By that fall, Sanchez was released from federal custody, reunited with her children, and back at work on the cutting line at Quality Pork.
But the conclusion of her case didn't settle the larger question for Mower County. By late 2010, police Capt. Bill McKichan was back in Clinefelter's office, not to debate the merits of Ohio State football, but to describe the flak that police were catching from Hispanic community groups.
He said Hispanics, wary from the Sanchez case, weren't stepping forward to help solve major crimes they knew about. He wanted a clear policy on immigration crimes from Nelsen's office.
All across southern Minnesota, police and prosecutors were coming to grips with the same dilemma. Just 130 miles west on I-90, the city of Worthington was the scene of a 2006 immigration raid in which Immigration and Customs Enforcement (ICE) agents with Kevlar vests and automatic weapons swept through the Swift meatpacking plant, arresting 230 workers and carrying them off in chartered buses. Distrust permeated the city. To this day, authorities in Worthington say, immigrants often refuse to help police for fear of being deported.
Clinefelter agreed with McKichan. "Finally, I just walked in and said to Kristen that I thought this was bull, and I outlined why,'' he said.
This time, Nelsen agreed. She struck a verbal agreement with police that, going forward, illegal immigrants who were crime victims would not be arrested and charged for their document violations.
"The re-victimization issue came to the surface through this case,'' Nelson said. "We're having our evolution. You have to figure out what's your greater purpose.''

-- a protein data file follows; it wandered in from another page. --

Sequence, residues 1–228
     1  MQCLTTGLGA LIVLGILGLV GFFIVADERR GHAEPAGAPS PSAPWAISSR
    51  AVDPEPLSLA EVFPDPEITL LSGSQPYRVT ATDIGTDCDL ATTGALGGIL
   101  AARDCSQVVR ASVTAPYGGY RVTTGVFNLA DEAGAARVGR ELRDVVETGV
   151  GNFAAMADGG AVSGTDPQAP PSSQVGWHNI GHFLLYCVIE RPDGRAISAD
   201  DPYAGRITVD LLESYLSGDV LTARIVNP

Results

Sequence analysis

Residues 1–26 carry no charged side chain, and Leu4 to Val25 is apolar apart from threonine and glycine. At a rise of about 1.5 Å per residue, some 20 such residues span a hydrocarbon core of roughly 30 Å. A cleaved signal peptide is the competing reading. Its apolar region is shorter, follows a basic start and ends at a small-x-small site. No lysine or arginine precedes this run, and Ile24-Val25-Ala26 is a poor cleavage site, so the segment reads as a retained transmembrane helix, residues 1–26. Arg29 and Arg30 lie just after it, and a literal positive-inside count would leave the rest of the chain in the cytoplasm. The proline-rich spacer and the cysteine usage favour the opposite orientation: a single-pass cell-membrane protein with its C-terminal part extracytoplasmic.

Officials from ICE wouldn't comment on Mower County's policy. But a spokesman for the Bloomington office said: "ICE has a significant history and reputation for working closely with all law enforcement agencies -- local, state, federal and international -- to accomplish the common goal of ensuring public safety. While local governments decide how to approach law-making in their communities, ICE will continue to enforce a wide range of federal immigration laws.''
Immunity for a witness
Months went by and then, in March 2011, a bloody altercation put the county's new policy to the test.
A man had been shot in an Austin apartment and, bleeding profusely, was being rushed by helicopter to Rochester for emergency care. Detective Sgt. Todd Clennon had been assigned to the case and now, in the man's apartment, was following the blood trail across the floor.
Clennon's eyes scanned the room slowly. A spent shotgun case. Flesh on the wall. Religious figurines.
Deeply Catholic, Clennon thought. Probably Hispanic.
"Then it occurred to me that this apartment was really being taken care of,'' Clennon recounted later. "My first thought was this doesn't appear to be a place where you have a guy selling dope."
The shooting was Clennon's first big case as a detective. It would also be the case that tested Mower County's new approach to immigration enforcement.